McLean suggested that patients and health care workers might also be using the Internet-calling software Skype and Web 2.0 applications like Facebook, but these technologies "have not yet made it into the asthma literature," she said.

More research is needed, the Cochrane experts said, to determine whether telehealth care for asthma is cost-effective, and whether different forms of telehealth care are more effective than others.


Story Source:

The above story is based on materials provided by Center for Advancing Health. The original article was written by Becky Ham. Note: Materials may be edited for content and length.


Journal Reference:

  1. Susannah McLean, David Chandler, Ulugbek Nurmatov, Joseph Liu, Claudia Pagliari, Josip Car, Aziz Sheikh. Telehealthcare for asthma. Cochrane Database of Systematic Reviews, 2010 (10): CD007717 DOI: 10.1002/14651858.CD007717.pub2

Cite This Page:

Center for Advancing Health. "Telehealth care can keep people with severe asthma out of the hospital, study suggests." ScienceDaily. ScienceDaily, 6 October 2010. <www.sciencedaily.com/releases/2010/10/101006114923.htm>.
Center for Advancing Health. (2010, October 6). Telehealth care can keep people with severe asthma out of the hospital, study suggests. ScienceDaily. Retrieved April 18, 2015 from www.sciencedaily.com/releases/2010/10/101006114923.htm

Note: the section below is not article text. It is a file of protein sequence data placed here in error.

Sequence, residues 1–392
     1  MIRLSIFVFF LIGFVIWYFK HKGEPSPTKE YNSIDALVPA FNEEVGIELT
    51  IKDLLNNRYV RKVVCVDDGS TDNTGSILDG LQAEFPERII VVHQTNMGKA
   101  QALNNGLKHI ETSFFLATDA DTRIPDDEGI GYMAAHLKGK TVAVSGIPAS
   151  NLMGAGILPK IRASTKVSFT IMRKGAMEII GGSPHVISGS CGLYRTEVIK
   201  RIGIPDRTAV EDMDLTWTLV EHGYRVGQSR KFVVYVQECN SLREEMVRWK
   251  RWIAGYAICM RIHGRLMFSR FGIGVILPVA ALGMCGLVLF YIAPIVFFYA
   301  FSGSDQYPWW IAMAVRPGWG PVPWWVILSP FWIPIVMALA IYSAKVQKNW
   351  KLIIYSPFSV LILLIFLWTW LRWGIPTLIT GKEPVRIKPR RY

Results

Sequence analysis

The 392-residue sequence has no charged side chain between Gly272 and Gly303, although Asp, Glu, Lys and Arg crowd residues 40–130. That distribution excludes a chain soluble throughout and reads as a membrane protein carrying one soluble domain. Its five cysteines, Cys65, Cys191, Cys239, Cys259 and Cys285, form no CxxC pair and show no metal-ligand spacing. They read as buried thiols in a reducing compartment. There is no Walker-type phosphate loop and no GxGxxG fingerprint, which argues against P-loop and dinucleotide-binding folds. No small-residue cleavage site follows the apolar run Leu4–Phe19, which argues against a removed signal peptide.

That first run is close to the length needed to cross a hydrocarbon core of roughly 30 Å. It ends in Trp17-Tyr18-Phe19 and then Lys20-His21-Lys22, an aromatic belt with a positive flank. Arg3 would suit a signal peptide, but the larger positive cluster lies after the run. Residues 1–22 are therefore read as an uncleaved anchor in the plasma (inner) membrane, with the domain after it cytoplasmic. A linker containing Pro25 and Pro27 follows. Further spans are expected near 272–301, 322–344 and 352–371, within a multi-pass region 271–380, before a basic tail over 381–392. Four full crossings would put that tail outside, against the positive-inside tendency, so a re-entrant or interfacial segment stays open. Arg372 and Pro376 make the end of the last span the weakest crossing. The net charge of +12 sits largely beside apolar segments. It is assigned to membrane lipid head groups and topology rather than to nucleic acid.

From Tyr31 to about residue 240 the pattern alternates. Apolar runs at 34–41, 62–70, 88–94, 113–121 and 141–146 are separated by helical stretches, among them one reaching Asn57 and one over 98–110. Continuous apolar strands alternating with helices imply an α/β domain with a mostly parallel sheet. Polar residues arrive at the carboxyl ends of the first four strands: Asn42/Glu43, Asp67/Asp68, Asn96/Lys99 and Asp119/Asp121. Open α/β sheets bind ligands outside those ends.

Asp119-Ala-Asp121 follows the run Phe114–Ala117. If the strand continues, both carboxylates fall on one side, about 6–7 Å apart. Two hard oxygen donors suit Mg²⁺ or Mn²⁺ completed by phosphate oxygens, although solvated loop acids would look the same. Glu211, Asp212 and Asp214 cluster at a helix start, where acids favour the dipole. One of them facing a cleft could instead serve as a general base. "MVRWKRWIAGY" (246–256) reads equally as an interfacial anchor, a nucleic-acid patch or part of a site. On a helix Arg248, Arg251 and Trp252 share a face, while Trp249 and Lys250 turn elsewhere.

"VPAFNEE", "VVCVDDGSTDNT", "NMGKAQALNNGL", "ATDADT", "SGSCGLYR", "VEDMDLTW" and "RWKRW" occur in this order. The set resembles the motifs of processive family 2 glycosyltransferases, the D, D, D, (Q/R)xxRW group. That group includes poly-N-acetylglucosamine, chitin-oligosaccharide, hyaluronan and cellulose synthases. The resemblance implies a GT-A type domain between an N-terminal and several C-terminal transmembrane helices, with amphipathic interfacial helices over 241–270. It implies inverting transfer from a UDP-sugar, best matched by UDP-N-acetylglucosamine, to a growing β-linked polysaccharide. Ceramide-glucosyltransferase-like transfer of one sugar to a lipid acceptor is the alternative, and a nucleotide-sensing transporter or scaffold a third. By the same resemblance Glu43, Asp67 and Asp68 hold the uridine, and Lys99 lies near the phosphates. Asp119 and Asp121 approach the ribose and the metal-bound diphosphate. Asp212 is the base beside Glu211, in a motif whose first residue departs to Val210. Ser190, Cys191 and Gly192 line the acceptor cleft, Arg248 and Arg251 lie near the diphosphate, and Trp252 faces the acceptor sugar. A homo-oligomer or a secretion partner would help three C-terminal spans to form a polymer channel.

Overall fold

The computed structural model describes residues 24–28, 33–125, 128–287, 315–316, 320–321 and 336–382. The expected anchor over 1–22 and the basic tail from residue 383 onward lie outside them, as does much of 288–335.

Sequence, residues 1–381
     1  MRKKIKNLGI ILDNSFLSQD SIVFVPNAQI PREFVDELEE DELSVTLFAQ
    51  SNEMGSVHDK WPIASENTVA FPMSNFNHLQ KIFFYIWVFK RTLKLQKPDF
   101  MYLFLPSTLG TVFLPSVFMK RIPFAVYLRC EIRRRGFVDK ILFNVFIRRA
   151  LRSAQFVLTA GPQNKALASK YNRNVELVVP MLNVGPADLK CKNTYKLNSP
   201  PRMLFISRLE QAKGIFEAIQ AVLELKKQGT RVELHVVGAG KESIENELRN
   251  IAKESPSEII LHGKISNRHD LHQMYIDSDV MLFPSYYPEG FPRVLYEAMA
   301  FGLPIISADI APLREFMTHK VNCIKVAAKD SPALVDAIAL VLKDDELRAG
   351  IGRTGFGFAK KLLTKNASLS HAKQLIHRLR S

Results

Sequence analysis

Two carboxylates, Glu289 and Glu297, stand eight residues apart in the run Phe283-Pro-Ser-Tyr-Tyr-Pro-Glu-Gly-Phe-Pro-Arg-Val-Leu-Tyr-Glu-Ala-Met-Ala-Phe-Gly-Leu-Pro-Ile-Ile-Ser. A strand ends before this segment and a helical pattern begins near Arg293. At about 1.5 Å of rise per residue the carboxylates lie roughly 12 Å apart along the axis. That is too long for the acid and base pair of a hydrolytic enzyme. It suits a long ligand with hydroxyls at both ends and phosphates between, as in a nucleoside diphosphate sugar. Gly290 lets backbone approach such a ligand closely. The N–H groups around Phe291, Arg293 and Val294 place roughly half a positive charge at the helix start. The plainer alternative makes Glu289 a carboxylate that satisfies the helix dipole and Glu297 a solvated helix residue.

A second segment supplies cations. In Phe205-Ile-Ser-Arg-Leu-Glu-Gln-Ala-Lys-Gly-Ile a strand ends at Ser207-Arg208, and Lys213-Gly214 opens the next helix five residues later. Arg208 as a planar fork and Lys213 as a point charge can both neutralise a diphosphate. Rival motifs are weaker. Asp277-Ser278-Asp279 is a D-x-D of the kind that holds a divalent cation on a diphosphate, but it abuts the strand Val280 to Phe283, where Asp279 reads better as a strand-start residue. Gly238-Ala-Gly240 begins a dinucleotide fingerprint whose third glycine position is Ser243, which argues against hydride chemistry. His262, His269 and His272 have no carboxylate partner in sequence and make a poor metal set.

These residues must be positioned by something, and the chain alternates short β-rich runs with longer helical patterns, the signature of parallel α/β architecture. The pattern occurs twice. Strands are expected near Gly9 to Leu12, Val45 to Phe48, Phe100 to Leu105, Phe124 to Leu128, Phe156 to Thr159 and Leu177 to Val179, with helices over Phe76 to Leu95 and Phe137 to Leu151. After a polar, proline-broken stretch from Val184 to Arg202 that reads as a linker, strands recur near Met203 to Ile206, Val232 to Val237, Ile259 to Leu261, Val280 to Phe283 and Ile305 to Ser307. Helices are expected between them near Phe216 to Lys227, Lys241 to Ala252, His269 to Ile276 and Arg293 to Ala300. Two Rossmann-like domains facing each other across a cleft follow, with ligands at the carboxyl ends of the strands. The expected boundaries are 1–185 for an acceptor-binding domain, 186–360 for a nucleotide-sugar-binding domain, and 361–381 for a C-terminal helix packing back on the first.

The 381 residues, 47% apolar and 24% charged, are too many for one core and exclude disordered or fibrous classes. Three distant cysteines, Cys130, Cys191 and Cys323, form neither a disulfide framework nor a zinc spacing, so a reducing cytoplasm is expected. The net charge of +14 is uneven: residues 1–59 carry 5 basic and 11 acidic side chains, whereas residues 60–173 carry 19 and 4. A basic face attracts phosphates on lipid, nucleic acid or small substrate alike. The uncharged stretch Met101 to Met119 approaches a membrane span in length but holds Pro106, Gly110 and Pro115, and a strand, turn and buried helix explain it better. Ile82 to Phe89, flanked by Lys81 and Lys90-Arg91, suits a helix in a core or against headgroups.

Center for Advancing Health. "Telehealth care can keep people with severe asthma out of the hospital, study suggests." ScienceDaily. www.sciencedaily.com/releases/2010/10/101006114923.htm (accessed April 18, 2015).

Share This


More From ScienceDaily



More Health & Medicine News

Saturday, April 18, 2015

Featured Research

from universities, journals, and other organizations


Featured Videos

from AP, Reuters, AFP, and other news services

Our Love Of Puppy Dog Eyes Explained By Science

Our Love Of Puppy Dog Eyes Explained By Science

Newsy (Apr. 17, 2015) Researchers found a spike in oxytocin occurs in both humans and dogs when they gaze into each other&apos;s eyes. Video provided by Newsy
Powered by NewsLook.com
Scientists Find Link Between Gestational Diabetes And Autism

Scientists Find Link Between Gestational Diabetes And Autism